Let’s take a look at what some scholars are saying about President Bush’s financial services agenda for his second term. Then let’s move on to some thoughts and complaints that industry officials have about Securities & Exchange Commission rules–specifically the e-mail retention rule–that advisors will have to comply with this year.
The Shadow Financial Regulatory Committee, a group of politically influential business scholars from prestigious schools like the University of Pennsylvania and Emory and Columbia universities, meets regularly to discuss banking, insurance, and securities policy. The members got together in December to hash over what they believe will be the most pressing issues on the President’s financial services agenda. They include Bush’s proposed personal retirement accounts, the shabby state of the Pension Benefit Guaranty Corp. (PBGC), the insurance brokerage scandal, and the future of Fannie Mae and Freddie Mac.
While the committee’s name suggests it works in the shadows, in truth this is a bunch of heavyweights who pull considerable weight with Congress. The panel’s co-chairmen are both finance profs: George Kaufman of Loyola University in Chicago and Richard Herring of the University of Pennsylvania’s Wharton School. They were joined a few months ago by John Hawke, a former comptroller of the currency who’s now with the law firm of Arnold & Porter in Washington. He reminded me that among the panel’s legislative successes were getting Congress in the 1990s to adopt its approach to bank supervision called “Prompt Corrective Action.”
The Administration has floated the idea of using personal retirement accounts as part of a Social Security reform plan. If this occurs, the Shadow Committee says the Administration “should avoid a situation similar to what happened with the savings and loan associations, and is happening with the Pension Benefit Guaranty Corporation, namely a taxpayer bailout of investments that perform poorly.” The committee also urged the Administration to be careful about the number and types of investment choices available to individuals in the accounts. For instance, “individuals might be allowed to choose from a limited number of different stock and bond indexes and broadly diversified funds. Competition among portfolio management firms to be chosen for the approved [investment] list, as well as the reopening of the approved list from time to time, would be desirable,” the Committee says. Recordkeeping “could be centralized in the government in order to hold down costs and assure continuity. Portfolio management, however, should be carried out by private professional firms.”
The PBGC’s deficit, meanwhile, has hit an all-time high, and the Shadow Committee believes the situation is only going to worsen. In November, the PBGC said that its fiscal year-end deficit on single-employer plans jumped to $23.3 billion from $11.2 billion in 2003. The Committee predicts that more corporations will try to buy off employees asking for raises by “promising higher pensions, letting them know that their pensions are guaranteed by the PBGC.” Other firms will “increasingly declare bankruptcy to shift their obligation” to the federal agency.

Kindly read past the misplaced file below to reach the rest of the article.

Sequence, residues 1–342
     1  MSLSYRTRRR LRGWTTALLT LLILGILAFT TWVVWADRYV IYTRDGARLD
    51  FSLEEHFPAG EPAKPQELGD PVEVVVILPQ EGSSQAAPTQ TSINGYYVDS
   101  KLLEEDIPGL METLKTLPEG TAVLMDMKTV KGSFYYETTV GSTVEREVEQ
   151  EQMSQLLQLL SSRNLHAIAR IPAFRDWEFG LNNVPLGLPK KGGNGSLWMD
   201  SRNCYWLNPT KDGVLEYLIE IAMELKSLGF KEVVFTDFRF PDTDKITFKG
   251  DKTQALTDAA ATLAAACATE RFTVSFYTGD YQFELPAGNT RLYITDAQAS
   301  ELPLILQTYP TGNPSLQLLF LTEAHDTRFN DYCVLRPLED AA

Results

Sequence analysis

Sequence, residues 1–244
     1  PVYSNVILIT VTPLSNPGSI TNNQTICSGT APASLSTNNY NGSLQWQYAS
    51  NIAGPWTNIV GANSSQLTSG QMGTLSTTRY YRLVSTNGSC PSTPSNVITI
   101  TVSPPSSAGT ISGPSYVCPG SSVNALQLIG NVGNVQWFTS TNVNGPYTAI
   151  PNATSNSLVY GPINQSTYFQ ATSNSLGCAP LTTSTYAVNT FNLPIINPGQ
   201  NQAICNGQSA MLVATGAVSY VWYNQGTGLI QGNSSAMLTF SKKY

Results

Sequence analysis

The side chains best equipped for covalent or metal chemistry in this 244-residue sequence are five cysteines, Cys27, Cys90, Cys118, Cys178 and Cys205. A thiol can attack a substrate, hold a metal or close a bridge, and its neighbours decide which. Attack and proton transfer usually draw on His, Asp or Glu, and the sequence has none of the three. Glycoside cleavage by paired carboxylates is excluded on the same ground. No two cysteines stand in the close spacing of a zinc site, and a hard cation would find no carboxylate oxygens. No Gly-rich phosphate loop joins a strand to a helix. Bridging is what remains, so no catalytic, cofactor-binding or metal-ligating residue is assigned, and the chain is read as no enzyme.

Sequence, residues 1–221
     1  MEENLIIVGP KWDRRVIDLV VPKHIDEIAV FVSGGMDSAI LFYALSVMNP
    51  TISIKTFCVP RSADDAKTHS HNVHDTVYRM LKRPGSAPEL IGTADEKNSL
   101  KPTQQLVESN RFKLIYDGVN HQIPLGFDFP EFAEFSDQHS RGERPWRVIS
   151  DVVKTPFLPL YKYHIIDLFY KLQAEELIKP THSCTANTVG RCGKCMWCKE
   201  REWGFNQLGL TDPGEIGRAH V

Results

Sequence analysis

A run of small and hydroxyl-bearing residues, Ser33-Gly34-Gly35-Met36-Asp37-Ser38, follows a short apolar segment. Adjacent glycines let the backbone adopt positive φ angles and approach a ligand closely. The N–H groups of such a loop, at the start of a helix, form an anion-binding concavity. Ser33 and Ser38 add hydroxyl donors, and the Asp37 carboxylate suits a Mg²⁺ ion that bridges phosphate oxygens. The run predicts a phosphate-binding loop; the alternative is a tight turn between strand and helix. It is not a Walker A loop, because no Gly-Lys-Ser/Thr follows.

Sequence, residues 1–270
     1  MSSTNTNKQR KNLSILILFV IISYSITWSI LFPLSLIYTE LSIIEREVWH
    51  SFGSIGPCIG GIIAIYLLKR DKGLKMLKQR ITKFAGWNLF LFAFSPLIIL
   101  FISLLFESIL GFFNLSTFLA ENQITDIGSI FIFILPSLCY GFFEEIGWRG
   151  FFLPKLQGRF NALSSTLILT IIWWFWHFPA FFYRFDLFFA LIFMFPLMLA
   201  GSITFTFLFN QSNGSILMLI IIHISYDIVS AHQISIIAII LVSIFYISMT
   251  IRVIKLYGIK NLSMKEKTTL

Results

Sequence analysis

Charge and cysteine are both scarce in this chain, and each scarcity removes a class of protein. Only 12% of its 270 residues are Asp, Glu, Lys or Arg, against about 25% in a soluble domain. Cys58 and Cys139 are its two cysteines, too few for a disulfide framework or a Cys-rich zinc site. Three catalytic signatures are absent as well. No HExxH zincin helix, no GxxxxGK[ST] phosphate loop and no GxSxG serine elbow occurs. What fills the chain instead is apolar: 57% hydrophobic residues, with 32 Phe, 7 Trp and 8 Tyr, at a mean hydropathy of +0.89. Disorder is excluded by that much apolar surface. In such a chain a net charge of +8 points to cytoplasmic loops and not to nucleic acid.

The Committee believes that as the PBGC deficit increases, it will be forced to increase premiums. This could cause more corporations with fully funded plans to convert them to defined contribution plans so they don’t have to buy insurance from the PBGC. If this happens, the committee says, the PBGC will be “left with very weak corporations that have very weak plans,” causing the PBGC to become insolvent and making a taxpayer bailout inevitable.
This disastrous outcome can be avoided, or so the panel believes. First, it recommends that the Administration and Congress should force corporations to fully fund their plans “with assets that can be and are revalued at least quarterly at market prices.” It also says they should measure their pension liabilities by “discounting actuarially determined pension obligations by the relevant discount rate,” e.g., the rate on long-term U.S. Treasuries, swaps, or their equivalent. The PGBC should also refuse to fund any new pension guarantees, but continue to back the pensions of plans it has already taken over. The PBGC should also increase premiums to help fund its current deficit. Finally, the committee argues, “since the Administration and Congress are unlikely to allow employees of bankrupt companies to lose their pensions when the PBGC legally becomes insolvent, the amount of taxpayers’ funds that will be required to meet the PBGC’s obligations should be estimated and budgeted for.”
As for the bid rigging and unethical compensation practices by brokers and insurers that were uncovered by New York Attorney General Eliot Spitzer, the Committee says insurance producers should be forced to “disclose to prospective customers whether they represent the customer, one or more insurers, or both the customer and insurer, so that customers can consider the potential conflicts.”
E-Mail Retention Rules